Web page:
Do you like the Maggie’s better than the 40’s?
@whipsaw The RW/TT stands absolutely decouple the speakers from the floor - the "homemade" ones for sure coupled the speakers to the floor, almost as much as if they were placed directly on the floor. The difference wasn’t subtle. You might say they don’t "completely" decouple them - maybe spikes would, and maybe the ball-feet of the RW’s do a better job than the TT’s.
What you seem to be reporting is that the TTs are much better at isolating the speakers than your home made ones, and that I don't doubt.
But no, they don't decouple them, let alone "completely". And neither do spikes! In fact, spikes couple stands to the floor, despite any marketing claims to the contrary.
That doesn't mean that the TT stands, or well-designed spikes, cannot improve the sound of systems – of course they can. But they don't "decouple"!
The closest that you can get to decoupling would be damped springs, such as Townshend products, or Isoacoustic Gaia, etc.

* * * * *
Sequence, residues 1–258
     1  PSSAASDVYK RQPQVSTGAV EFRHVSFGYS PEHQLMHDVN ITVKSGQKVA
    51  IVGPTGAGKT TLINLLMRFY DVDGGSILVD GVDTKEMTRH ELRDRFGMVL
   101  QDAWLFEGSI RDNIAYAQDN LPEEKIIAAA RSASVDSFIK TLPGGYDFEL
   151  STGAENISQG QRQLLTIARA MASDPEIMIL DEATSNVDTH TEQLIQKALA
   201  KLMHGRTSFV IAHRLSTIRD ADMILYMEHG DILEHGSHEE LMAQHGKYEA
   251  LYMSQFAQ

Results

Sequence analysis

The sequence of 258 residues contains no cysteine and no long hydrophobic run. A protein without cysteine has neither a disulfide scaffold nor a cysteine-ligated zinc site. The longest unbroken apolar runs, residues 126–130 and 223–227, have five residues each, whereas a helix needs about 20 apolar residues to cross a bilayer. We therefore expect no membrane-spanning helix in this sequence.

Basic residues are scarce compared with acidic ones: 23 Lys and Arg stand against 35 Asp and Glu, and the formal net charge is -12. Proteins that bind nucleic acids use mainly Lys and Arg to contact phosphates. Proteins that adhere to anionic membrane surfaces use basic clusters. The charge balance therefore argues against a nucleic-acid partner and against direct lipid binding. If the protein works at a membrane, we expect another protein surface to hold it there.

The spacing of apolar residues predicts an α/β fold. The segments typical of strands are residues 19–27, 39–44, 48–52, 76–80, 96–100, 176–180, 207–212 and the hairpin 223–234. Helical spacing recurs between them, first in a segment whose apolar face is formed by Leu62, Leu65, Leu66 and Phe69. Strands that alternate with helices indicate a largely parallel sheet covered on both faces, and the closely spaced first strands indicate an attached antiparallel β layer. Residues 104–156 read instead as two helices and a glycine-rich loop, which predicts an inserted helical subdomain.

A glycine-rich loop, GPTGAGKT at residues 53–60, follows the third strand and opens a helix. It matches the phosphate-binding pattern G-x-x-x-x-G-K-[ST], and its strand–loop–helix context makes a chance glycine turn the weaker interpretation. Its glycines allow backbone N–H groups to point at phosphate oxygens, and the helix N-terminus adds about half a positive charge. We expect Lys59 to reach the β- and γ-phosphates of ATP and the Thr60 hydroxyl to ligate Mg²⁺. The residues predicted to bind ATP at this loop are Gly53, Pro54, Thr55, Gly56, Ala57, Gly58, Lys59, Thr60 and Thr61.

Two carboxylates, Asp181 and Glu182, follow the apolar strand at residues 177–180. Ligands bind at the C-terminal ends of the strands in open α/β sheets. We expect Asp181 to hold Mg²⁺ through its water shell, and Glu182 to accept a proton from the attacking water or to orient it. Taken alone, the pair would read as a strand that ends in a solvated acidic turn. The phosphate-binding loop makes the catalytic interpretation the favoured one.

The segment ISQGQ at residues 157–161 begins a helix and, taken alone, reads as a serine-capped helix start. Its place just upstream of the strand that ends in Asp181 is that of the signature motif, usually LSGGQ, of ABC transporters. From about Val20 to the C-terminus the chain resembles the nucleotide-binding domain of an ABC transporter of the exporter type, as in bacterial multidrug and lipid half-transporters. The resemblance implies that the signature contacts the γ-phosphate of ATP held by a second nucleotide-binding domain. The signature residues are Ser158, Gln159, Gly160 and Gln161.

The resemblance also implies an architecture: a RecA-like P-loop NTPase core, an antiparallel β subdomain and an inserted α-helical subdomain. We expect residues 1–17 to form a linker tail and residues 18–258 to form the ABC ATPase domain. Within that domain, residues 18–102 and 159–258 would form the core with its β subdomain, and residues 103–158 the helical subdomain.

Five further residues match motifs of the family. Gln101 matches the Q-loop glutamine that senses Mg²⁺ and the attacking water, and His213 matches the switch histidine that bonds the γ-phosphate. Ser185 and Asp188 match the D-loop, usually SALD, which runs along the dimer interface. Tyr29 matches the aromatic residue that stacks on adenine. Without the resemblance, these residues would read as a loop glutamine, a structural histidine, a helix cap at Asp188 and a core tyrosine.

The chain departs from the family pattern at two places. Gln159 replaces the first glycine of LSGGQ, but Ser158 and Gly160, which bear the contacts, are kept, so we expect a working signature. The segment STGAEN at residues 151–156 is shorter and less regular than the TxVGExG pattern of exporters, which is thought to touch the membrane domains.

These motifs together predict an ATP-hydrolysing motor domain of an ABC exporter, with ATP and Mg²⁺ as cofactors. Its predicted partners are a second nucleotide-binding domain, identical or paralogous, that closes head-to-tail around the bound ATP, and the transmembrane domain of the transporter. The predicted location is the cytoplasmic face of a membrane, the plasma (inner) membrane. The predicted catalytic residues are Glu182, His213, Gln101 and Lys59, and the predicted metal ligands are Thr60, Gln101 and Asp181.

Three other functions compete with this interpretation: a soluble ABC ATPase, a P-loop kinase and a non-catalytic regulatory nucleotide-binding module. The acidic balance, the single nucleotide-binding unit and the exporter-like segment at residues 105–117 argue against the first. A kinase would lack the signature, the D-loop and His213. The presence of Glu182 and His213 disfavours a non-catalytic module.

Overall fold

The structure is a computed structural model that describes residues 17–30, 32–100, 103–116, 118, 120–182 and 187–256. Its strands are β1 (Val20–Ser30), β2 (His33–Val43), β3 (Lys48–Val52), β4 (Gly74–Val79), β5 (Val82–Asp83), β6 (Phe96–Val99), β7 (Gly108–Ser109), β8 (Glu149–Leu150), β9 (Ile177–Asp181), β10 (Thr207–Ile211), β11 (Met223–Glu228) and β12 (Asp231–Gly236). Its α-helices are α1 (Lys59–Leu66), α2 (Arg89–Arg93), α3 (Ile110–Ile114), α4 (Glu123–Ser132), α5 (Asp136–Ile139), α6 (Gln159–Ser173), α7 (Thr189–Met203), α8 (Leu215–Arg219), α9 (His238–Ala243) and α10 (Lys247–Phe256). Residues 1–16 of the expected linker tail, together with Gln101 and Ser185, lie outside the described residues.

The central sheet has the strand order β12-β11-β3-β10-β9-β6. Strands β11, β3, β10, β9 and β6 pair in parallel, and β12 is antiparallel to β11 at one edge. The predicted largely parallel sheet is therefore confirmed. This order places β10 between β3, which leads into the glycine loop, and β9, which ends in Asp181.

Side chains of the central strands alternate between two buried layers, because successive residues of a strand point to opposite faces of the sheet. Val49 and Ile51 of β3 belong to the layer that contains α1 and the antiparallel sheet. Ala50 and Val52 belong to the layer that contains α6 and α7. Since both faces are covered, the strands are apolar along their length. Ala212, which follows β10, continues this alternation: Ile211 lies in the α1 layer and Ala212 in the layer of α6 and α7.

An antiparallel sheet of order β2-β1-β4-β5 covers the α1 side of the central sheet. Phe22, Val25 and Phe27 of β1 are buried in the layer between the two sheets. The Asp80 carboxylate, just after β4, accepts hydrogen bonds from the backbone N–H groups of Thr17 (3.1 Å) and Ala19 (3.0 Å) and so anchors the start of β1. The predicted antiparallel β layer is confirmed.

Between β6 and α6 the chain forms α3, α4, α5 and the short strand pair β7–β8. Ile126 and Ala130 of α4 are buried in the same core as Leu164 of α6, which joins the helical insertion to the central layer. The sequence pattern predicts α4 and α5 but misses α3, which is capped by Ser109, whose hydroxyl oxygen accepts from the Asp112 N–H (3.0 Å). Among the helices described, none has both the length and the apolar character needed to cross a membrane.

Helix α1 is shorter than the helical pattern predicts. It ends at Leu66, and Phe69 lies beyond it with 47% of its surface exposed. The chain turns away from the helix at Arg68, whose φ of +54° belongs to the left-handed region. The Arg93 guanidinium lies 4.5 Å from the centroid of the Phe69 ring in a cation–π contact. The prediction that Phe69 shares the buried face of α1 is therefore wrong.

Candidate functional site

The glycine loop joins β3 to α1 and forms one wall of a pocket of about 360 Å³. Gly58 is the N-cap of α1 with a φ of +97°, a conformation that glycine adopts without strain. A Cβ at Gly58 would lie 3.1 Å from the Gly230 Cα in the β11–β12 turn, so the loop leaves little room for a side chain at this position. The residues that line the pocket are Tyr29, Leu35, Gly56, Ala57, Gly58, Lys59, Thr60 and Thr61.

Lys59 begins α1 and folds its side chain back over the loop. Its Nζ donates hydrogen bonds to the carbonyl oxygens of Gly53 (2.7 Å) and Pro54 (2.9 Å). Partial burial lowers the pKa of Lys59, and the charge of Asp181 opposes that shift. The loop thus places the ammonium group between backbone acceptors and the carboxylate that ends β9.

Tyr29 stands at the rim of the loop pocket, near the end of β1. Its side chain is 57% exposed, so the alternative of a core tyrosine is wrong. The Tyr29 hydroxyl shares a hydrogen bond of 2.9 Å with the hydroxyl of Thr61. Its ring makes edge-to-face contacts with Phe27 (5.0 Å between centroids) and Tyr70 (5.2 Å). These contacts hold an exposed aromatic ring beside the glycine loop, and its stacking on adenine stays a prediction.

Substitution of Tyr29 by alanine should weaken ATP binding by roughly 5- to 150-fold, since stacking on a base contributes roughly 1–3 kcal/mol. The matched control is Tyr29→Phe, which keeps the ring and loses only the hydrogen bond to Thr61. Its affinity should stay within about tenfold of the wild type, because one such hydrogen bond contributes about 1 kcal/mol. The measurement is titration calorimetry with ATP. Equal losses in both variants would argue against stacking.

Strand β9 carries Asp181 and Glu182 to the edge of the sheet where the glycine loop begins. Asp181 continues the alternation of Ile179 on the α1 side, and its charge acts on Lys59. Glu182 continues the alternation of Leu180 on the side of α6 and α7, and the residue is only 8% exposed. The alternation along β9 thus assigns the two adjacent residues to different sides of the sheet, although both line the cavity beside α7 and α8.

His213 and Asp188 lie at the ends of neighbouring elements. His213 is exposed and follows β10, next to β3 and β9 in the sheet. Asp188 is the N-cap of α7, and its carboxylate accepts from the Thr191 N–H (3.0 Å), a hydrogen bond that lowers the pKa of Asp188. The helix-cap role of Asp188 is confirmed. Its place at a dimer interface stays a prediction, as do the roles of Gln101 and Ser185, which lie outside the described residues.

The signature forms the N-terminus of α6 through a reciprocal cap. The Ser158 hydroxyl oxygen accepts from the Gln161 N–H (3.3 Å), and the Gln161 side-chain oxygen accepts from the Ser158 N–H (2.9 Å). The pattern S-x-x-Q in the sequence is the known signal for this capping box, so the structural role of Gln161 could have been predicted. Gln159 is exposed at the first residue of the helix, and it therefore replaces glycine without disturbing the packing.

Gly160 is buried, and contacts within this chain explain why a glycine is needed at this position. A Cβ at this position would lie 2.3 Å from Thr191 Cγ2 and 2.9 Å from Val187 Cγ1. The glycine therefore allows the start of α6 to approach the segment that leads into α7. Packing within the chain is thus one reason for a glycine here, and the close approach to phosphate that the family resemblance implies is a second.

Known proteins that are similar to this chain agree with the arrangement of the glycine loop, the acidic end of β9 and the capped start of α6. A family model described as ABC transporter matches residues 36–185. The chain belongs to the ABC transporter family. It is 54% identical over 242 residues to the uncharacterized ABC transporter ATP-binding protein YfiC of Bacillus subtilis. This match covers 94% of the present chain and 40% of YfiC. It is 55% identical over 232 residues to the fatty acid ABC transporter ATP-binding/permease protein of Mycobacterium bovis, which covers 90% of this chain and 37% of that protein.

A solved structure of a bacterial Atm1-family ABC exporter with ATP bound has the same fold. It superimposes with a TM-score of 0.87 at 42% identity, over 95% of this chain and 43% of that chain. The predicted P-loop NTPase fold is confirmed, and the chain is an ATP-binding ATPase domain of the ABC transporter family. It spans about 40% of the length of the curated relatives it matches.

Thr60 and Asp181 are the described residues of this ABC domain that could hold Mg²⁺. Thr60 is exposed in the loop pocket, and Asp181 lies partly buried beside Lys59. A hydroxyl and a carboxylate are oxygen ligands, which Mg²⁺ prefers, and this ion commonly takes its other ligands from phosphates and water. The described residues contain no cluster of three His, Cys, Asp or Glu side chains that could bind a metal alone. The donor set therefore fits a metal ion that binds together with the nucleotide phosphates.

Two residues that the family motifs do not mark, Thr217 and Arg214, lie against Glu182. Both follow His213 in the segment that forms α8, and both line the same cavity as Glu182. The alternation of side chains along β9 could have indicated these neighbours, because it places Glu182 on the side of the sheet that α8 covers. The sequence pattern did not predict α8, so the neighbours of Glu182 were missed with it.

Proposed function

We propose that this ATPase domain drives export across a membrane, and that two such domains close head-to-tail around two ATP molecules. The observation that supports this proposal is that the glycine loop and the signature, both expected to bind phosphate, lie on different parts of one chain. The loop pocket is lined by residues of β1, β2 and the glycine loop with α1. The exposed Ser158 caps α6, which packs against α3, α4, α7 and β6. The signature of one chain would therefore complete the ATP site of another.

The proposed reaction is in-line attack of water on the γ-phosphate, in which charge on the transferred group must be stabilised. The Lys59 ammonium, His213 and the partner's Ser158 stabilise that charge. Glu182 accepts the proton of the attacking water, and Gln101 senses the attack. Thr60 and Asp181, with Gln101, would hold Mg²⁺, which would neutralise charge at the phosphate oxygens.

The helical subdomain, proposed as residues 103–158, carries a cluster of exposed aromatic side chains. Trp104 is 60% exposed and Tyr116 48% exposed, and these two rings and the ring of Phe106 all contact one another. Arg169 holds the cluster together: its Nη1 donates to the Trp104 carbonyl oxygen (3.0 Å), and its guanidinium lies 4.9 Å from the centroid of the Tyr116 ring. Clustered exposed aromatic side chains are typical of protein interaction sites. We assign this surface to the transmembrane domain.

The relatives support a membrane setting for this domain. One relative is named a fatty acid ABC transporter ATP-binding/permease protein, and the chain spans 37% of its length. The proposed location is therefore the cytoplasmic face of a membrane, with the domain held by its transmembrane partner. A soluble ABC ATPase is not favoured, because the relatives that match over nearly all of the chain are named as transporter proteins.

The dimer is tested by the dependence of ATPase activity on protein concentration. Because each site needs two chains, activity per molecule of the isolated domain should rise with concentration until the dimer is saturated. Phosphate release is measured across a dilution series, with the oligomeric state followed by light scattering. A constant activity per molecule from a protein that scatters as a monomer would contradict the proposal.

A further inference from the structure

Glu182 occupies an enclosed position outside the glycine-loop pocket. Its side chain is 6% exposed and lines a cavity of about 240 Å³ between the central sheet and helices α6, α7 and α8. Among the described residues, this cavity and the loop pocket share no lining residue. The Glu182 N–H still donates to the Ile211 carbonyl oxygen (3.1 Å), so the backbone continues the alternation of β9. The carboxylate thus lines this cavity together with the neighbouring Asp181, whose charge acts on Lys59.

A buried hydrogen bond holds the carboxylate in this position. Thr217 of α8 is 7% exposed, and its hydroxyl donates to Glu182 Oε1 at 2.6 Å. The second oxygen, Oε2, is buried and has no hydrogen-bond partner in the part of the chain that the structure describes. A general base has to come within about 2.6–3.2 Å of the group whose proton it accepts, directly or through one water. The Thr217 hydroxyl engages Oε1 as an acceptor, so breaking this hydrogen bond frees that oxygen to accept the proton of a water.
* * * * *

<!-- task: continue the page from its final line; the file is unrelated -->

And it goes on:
You may think that I am being pedantic, but the TTs don't come close to decoupling. I originally used high-quality spikes and pucks on my current speakers, and they sounded very good, When I switched to the Gaias, which are designed to decouple (though not 100%), the sound improved significantly.
To drill a bit deeper, I have listened to the 30.1s on the TTs both directly on the floor, and placed on Townshend platforms. The difference in sound is clear, but because some of the bass energy that is typically felt through the floor is lost, some might prefer those speakers, which are a bit bass-light, not decoupled.
With the 40.2/40.3, I would expect that there would be plenty of bass, even with greater, or *true* decoupling.